1 cup (2 sticks) butter, softened
1 cup (packed) light brown sugar
4 eggs
1 tsp vanilla extract
2 cups unbleached white flour
1 cup whole wheat pastry flour
1 Tbsp. baking powder
1 tsp baking soda
1/2 tsp salt
1 cup buttermilk at room temperature

Filling:
1/2 cup semisweet chocolate chips
1/2 cup almonds
1/2 cup shredded unsweetened coconut
1/2 cup peach or apricot jam
1/2 cup dried apricots, minced

1. Preheat oven to 350 F. Generously grease a standard-size tube or bundt pan.
2. Place the butter and sugar in a large mixing bowl. Cream together with an electric mixer until light and fluffy. Add the eggs one at a time, beating well after each. Stir in the vanilla.
3. Sift together the flours, baking powder, soda, and salt into a separate medium-sized bowl.
4. Add the dry mixture and the buttermilk alternately to the butter mixture (dry/wet/dry/wet/dry). Mix just well enough to thoroughly blend after each addition. Don't beat or otherwise overmix.
5. Place the chocolate chips and almonds in a blender jar. Whirl together in short spurts until ground into a coarse powder. Combine this with the coconut in a small bowl.
6. Spoon half the batter into the prepared pan, gently spreading it until even. Spoon small amounts of jam here and there onto the batter. (Don't try to spread it - just leave it in little blobs.) Sprinkle on the apricots and about 2/3 of the chocolate-nut mix.
7. Add the remaining batter, distributing it nicely. Sprinkle with the rest of the chocolate mix, and bake the cake for 45-55 minutes - until a probing knife inserted all the way in comes out clean. Allow to cool completely before removing from the pan.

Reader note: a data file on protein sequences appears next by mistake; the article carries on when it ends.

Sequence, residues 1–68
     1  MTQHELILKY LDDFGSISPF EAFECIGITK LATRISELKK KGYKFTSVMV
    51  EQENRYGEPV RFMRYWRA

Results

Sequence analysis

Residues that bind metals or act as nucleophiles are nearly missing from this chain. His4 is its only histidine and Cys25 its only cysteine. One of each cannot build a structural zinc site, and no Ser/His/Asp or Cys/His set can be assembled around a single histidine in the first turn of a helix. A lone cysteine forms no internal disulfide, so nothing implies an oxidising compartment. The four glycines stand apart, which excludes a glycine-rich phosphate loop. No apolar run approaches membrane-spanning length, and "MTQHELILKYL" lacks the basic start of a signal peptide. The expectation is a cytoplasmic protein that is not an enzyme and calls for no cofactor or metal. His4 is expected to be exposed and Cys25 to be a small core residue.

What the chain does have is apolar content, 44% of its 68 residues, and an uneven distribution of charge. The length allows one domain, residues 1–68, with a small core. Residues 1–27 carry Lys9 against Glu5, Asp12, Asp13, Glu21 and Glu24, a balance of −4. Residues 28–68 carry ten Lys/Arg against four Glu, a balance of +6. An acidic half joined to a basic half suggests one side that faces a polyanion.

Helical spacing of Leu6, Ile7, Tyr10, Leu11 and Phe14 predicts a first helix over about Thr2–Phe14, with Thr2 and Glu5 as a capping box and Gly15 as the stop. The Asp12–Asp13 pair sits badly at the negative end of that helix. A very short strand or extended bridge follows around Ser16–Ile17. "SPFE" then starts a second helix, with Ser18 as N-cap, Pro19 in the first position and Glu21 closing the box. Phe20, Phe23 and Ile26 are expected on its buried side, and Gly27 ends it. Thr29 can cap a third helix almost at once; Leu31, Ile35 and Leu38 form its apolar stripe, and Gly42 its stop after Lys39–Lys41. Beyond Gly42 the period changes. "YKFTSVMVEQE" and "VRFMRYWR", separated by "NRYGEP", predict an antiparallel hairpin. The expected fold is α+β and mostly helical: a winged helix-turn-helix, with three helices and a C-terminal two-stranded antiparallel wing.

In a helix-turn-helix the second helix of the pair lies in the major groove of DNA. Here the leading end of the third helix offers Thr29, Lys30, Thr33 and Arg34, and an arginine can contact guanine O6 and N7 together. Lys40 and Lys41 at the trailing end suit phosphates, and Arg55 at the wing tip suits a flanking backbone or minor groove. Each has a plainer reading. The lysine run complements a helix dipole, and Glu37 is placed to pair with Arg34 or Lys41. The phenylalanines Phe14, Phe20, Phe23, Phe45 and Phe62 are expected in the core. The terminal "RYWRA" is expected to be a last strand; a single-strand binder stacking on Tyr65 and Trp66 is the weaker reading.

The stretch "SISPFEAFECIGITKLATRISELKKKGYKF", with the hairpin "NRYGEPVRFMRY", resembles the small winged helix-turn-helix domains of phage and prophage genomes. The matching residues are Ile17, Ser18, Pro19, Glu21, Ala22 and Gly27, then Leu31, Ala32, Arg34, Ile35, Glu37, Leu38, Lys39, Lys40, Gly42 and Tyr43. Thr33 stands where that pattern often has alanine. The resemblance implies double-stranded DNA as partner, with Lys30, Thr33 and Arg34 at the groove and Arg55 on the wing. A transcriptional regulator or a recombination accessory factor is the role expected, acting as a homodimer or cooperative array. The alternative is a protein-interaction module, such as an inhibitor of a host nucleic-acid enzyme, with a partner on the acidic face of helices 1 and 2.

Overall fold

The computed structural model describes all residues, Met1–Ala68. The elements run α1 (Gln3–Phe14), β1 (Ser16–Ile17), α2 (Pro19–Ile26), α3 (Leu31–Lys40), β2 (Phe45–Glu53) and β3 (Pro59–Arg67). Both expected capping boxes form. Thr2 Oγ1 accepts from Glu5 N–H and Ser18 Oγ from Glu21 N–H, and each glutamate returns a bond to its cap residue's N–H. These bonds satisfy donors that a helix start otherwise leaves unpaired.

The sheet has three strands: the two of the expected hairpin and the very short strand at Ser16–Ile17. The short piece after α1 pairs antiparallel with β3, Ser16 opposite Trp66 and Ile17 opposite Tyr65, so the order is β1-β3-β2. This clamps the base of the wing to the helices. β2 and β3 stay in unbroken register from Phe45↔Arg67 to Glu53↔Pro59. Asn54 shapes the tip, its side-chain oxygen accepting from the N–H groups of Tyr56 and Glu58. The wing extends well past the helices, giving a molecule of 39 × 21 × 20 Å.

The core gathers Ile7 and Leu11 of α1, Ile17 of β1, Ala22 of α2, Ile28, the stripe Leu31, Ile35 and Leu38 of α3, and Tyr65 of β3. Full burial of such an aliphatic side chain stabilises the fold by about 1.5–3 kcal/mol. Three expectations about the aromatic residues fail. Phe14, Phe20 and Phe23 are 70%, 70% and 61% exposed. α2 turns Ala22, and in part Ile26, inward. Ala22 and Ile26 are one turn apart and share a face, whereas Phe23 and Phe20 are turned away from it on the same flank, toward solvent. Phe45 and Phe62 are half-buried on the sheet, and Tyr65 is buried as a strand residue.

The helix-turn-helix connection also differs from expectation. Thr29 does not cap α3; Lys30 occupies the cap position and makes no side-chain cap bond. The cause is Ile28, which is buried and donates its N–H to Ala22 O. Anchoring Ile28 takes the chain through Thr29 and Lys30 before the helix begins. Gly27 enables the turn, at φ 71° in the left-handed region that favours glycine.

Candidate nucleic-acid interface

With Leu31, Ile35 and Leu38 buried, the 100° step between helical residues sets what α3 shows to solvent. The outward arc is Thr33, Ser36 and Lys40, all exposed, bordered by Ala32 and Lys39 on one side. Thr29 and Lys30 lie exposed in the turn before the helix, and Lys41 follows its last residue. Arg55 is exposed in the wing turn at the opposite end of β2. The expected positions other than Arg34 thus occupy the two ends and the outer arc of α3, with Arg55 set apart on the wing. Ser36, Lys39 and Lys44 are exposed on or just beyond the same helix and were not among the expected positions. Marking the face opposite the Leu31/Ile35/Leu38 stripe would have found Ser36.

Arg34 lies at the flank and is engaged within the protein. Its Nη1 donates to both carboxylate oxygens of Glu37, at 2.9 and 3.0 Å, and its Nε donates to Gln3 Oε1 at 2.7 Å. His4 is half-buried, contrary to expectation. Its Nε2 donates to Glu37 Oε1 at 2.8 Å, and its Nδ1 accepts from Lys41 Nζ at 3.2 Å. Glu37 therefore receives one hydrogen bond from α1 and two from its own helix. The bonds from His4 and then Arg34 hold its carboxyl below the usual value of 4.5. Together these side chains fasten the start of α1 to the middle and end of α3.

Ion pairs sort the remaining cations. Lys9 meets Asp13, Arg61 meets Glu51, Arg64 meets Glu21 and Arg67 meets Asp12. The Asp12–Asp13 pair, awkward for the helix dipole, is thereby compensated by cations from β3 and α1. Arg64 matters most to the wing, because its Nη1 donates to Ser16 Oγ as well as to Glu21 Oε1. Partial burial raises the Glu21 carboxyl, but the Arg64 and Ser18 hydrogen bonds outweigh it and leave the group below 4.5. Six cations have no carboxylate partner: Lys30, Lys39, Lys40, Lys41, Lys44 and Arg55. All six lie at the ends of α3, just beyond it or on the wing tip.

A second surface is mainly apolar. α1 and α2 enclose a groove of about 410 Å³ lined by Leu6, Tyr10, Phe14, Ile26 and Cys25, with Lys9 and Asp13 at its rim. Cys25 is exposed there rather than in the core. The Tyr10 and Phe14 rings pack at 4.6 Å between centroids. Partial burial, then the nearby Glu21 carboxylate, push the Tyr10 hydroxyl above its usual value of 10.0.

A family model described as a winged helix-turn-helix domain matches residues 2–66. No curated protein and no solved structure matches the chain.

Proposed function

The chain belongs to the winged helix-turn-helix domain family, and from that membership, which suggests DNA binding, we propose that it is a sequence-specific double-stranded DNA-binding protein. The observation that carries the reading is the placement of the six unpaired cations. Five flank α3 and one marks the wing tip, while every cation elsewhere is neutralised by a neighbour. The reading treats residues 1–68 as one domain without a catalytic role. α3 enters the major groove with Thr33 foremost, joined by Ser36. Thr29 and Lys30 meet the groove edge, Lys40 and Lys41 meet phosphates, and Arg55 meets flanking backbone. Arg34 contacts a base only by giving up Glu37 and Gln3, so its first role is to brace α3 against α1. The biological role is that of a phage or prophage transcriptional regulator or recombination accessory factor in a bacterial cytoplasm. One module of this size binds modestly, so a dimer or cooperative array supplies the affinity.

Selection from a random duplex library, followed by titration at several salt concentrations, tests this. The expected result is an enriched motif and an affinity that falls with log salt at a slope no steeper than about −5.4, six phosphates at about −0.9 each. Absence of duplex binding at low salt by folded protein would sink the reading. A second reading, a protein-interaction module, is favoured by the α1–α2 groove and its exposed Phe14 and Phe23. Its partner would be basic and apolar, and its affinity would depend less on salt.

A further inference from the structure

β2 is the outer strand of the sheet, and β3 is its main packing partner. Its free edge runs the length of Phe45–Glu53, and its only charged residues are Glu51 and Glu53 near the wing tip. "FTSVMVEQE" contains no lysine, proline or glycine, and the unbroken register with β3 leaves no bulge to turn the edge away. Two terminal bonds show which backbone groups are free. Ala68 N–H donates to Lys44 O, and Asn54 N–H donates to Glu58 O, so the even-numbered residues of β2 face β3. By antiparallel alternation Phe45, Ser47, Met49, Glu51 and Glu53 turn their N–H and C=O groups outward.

My husband tells me that apricots are actually related to plums, and were first cultivated in India. They need a cold winters to produce fruit, and even temperatures for pollination. They tend to bloom around the Vernal equinox, and often the flowers are killed by Spring frosts. They do really well here in our sheltered mountain valley, and this year enjoyed warm temperatures while they were blooming, so there are a lot this year!

Last fall, my landlords came over to help me move compost in the garden, and there was one pile in the alley that was full of apricot pits (from the neighbor's tree). When I was weeding the beds this Spring, I saved some of the apricot starts, and planted them in a big pot. I plan on splitting them into their own pots this fall, and hope to nurture them long enough to plant them as small trees for future apricot crops.





When life gives you the pits, plant trees!
As always, thanks for stopping by!
~Pippi

12 August 2009

Procrastination....




I'm supposed to be cleaning the house. That is the big TO DO item on my list for today, but I am procrastinating. Instead of sweeping and mopping the kitchen, or vacuuming, or dusting, I am sitting here at my desk, checking my Facebook and posting on Twitter. So, since I am putting off what I should be doing, I figured I would at least make this computer time productive and write a post for my blog.

So what have I been doing since my last post? The biggest project I've been working on is a tutorial for making my seahorse design. So many people have asked me to make one, but I have been a little intimidated by doing so. I finally decided to take the plunge! I have a good portion of it done, but weather and computer glitches have slowed down my progress lately. I am back on track, and pushing to finish it this week.